- It regenerates the sediment and enhances conditions for public and recreational use of the areas treated.
    - It improves the sediment’s capacity to host fauna, infauna, plant and algae communities.
    - Remediation of sediments extracted during port dredging would allow them to be deposited onto beaches without negatively affecting the ecosystem, since the procedure eliminates the organic matter and toxic substances responsible for the black colour and foul odour.
    - Even, it could also be used to prevent the need for dredging, which is more expensive and may even be impossible in certain locations for legal or technical reasons.
    - It could be used to immobilise certain heavy metals and other toxic inorganic compounds that accumulate in anoxic/hypoxic sediment and pore water. As a result, the sediment would no longer act as a sink for heavy metals present in the water.
    - It could be used as preventive measure to forestall the formation of anoxic sediments in a variety of environments (e.g. the open sea, reservoir and river beds, seagrass meadows and aquariums).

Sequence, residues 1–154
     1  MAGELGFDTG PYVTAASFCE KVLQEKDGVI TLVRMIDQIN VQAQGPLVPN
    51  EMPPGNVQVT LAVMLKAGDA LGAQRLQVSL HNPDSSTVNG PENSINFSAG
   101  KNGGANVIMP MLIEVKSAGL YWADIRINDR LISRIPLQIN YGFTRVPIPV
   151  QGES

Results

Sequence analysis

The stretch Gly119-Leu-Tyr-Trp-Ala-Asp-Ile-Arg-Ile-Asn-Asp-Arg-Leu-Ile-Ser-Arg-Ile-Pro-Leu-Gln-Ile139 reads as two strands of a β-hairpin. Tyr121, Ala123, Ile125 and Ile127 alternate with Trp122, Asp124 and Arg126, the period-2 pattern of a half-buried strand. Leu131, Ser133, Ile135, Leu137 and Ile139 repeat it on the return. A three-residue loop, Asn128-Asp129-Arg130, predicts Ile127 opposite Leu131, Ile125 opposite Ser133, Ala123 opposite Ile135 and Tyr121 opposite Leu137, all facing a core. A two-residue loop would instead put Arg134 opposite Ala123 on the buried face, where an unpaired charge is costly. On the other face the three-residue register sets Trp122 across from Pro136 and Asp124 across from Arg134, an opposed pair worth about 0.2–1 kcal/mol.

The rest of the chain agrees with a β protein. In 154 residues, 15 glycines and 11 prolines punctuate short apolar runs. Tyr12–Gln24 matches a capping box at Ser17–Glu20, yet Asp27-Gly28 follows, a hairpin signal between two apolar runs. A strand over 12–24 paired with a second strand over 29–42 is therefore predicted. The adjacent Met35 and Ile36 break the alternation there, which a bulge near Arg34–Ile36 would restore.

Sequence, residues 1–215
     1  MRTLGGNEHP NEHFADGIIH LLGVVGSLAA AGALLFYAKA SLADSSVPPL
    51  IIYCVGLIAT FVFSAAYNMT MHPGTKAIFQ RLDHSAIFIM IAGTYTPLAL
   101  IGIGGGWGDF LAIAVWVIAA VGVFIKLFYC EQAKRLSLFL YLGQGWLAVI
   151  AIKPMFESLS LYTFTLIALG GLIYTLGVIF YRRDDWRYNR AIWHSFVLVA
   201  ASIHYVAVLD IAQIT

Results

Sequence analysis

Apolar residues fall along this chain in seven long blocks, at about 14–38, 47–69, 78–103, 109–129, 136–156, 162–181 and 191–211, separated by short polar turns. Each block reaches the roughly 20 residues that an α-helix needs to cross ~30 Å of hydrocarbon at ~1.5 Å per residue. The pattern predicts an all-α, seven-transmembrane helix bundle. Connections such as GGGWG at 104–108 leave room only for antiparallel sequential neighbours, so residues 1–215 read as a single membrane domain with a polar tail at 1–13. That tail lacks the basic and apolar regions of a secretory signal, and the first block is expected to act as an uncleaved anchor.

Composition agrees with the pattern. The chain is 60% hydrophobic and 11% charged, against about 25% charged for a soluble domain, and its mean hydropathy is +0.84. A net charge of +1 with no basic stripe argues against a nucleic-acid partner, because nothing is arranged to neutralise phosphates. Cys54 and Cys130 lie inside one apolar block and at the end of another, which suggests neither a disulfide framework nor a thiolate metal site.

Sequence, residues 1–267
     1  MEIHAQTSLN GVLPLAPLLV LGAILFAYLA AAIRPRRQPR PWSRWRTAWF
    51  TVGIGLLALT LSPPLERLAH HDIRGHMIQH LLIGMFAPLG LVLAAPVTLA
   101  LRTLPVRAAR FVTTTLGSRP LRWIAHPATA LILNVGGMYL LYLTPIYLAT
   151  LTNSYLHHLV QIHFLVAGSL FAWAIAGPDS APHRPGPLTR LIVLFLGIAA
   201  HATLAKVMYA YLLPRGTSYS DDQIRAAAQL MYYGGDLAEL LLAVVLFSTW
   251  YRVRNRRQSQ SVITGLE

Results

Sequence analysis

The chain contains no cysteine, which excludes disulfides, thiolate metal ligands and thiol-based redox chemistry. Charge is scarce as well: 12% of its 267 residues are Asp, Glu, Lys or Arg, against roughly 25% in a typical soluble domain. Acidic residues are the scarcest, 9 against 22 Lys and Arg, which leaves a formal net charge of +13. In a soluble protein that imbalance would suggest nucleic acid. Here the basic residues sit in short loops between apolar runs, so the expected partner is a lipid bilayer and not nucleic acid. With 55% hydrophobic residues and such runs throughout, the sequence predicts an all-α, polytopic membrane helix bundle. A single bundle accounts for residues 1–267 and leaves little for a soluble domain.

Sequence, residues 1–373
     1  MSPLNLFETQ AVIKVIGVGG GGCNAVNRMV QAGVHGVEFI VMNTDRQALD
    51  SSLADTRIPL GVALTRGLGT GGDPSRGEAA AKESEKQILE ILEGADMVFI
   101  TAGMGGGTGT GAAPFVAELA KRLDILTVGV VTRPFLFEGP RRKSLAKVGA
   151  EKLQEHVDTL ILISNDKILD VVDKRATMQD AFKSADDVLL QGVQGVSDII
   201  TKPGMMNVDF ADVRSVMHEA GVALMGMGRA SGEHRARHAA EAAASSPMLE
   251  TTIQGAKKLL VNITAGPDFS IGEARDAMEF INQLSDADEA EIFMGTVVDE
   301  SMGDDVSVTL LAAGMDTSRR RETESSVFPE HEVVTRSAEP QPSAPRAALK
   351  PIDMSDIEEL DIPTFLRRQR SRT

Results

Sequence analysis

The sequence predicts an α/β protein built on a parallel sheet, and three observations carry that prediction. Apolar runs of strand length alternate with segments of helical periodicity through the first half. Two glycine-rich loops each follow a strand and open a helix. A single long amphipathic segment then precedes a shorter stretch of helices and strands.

While, the most innovative aspects of this technology are:
    • Type of contaminant to degrade: organic matter and inorganic substances generated in anoxic conditions;
    • Location: shallow beaches and calm waters where anoxic sediments accumulate;
    • Procedure and equipment required for remediation of muddy sediments: injecting oxygen-saturated sea water is a completely novel technique.
  • Type and Size of Organisation:
  • Already Engaged in Trans-National Cooperation
  • Year Established:
  • Turnover:
  • Country of origin:
  • Languages spoken
    • English
    • Spanish